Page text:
Dallas — Echo Theatre’s production of ’night, Mother exemplifies why smaller Dallas arts organizations deserve tangible support. This is a boldly riveting 19th season opener to Echo, which produces only plays by women, and the producers have every reason to be proud of the work of director Christie Vela and her cast, Jessica Cavanagh (as Jessie) and Amber Devlin (as Thelma).
This play is the second of what are now described as playwright Marsha Norman’s “trapped girls” stories, the first being Getting Out, which won the 1979 Outer Critics Circle award. In that story, the lead character, just released from prison, returns home only to find herself still trapped by her past and the confines of her present. In ’night, Mother, which won the 1983 Pulitzer Prize for Drama, Norman progresses this trapped girls theme through characters that have been trapped by love, though in very different ways. It is a brilliant script.
The setting is the living room and kitchen of a modest little house on a country road. Thelma (Mama) Cates is a widow with two adult children, Jessie and Dawson. Dawson is married to Loretta. Jessie, divorced from Cecil, is now living with Thelma in Thelma’s house. Jessie has an adult son, Ricky, who is living on his own and struggling to move beyond a checkered past. Thelma and Jessie’s lives are basically surrounding each other, but Thelma does have one friend—her neighbor, Agnes. Jessie and Thelma are the storytellers. While we hear about the others but never see them.
On this night Jessie brings her daddy’s gun down from the attic and starts cleaning it. When Thelma asks why, Jessie reveals that she is going to kill herself this evening. After several minutes of back and forth, Thelma finally begins to realize that Jessie is serious. This story unfolds over 90 minutes without intermission. The audience becomes entrapped along with Thelma by the anticipation of what might happen, watching as these two characters fiercely battle each other for a way out.
Thelma tries desperately to figure out why Jessie has arrived at this decision, thinking back over their lives and looking for anything she might have changed or overlooked that could have improved Jessie’s life. Jessie, viewing her life through a series of disappointments, seems resolute in her choice to stop. Her unfinished business for this evening is to organize everything for her mother so that her routine will continue without too much interruption. Jessie checks her lists and the ones she has prepared to leave with Thelma. As Thelma contemplates her own culpability in the emotional damage to Jessica, she reveals previously guarded secrets and lies.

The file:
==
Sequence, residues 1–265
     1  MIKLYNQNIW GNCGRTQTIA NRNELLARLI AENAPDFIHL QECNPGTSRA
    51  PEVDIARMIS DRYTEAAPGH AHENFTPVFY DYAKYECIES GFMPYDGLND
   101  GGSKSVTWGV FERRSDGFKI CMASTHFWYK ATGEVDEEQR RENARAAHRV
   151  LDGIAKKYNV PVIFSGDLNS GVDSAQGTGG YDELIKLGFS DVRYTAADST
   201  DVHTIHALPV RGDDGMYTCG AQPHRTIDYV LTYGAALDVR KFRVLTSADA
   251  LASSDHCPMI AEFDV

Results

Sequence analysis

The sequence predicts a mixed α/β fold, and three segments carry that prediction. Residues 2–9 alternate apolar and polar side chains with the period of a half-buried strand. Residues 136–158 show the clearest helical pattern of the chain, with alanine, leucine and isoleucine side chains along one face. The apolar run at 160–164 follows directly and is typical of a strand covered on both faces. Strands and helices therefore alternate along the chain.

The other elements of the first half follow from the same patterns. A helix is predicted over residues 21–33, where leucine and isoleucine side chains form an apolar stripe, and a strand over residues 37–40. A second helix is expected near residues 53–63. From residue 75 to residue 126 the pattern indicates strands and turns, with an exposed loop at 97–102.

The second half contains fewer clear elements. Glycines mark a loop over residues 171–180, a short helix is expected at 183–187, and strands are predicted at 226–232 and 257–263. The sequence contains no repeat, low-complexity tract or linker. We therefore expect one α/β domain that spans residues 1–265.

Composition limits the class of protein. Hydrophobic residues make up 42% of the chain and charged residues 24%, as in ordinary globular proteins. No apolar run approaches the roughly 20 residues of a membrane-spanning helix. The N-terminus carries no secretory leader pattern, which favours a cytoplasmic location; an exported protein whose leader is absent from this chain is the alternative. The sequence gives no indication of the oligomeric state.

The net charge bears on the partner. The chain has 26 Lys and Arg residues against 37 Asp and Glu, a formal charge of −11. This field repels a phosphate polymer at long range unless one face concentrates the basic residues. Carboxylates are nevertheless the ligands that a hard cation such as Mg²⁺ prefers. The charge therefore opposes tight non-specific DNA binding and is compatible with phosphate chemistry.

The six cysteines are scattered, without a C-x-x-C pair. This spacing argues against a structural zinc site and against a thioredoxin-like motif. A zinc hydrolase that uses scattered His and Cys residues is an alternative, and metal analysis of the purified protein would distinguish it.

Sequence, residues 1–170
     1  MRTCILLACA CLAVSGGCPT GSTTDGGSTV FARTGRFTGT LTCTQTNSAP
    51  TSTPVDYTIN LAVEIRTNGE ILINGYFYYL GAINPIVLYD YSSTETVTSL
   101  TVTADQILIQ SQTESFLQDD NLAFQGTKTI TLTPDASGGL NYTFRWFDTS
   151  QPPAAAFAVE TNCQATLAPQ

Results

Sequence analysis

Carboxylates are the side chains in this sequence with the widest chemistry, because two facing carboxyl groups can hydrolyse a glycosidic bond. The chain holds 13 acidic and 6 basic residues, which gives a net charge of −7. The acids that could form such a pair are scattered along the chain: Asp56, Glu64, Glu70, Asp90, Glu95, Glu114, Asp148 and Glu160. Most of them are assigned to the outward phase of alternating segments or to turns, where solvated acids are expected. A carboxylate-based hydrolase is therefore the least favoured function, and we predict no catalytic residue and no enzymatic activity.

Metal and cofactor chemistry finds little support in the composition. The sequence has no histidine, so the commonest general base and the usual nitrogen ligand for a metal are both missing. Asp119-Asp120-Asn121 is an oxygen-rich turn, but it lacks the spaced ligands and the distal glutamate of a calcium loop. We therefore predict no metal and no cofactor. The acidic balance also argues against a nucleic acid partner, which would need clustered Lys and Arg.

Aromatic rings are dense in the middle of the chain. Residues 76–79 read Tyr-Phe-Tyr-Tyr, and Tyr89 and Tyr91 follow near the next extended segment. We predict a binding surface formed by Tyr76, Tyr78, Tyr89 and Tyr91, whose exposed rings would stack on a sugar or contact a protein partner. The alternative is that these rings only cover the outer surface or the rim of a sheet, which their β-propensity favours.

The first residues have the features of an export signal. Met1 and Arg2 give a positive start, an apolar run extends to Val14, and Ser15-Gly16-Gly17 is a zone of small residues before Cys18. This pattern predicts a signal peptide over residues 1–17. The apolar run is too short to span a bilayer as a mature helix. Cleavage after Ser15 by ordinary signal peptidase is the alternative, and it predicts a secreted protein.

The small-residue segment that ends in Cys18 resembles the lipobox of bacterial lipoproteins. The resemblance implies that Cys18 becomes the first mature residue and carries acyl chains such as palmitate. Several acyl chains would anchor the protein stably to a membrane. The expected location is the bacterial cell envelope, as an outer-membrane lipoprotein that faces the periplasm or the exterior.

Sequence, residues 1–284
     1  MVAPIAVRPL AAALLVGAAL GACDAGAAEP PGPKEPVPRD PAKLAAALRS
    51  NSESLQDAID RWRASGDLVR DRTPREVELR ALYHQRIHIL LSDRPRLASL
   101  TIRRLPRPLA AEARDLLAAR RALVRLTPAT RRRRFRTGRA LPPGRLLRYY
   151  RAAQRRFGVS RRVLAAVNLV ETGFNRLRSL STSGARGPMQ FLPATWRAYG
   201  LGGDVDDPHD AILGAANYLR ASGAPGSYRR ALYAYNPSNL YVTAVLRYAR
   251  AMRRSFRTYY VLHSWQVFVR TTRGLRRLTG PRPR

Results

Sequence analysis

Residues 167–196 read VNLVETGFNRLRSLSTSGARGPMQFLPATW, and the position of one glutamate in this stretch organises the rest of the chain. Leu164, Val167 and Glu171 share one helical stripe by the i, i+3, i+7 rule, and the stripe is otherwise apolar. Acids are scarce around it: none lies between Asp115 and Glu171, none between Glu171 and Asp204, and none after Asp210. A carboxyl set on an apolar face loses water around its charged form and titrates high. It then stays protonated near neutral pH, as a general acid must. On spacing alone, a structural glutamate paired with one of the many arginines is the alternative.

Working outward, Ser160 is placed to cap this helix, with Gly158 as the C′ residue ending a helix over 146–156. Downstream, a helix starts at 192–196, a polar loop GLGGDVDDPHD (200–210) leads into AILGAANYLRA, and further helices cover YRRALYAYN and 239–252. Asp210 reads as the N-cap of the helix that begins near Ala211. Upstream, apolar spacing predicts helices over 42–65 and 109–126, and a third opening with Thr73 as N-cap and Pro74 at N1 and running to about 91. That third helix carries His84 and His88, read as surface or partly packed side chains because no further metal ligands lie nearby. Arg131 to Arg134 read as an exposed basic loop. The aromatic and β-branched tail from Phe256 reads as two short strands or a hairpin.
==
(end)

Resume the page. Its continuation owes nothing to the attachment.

Devlin and Cavanagh, having mined these characters deeply, leave everything onstage. Their performances are superb. The trust between them is evidenced through sweeping rhythm and impeccable timing. The silences are like a big squeeze, offering a sense of relief and a breathlessness at the same time. Just as Thelma exhausts every possible avenue to try to stop Jessie, so do Devlin and Cavanagh wring everything of their characters’ hiding places. By the end of the play, the characters are spent and the audience is left speechless. On opening night some patrons, unable to move or leave their seats, remained focused on the playing area as if by doing so something might change.
One of Vela’s more interesting choices concerns timepieces. Time is important to Jessie. She lives through scheduling and lists and has timed everything out for the evening. Often during productions of this piece, several clocks are prominently situated on the set in view of the audience as offered in the script. But Vela has made a different decision and it works. Through the acting and movement, we are aware of the intensity and passage of time. The set is not prominently cluttered with clocks. There are timepieces present for the actors’ referral but they do not glare at the audience.
Another interesting element is the directional angling of Jeffrey Schmidt’s set. Parts of it are unexpectedly as a seamstress might say, on the bias. This is visually more interesting and is somewhat metaphorically reflective of the tension within the story. Brooks Powers’ lighting design is subtle and quiet in its suggestion of the changes in time and mood. The sound design by John M. Flores is quietly discomforting, which is perfect for this production.
In a 2010 Art&Seek interview, Vela said she likes plays that “feel like dangerous adrenaline rush rides at the amusement park. I don’t like letting the audience off the hook.” Clearly, she was serious about that.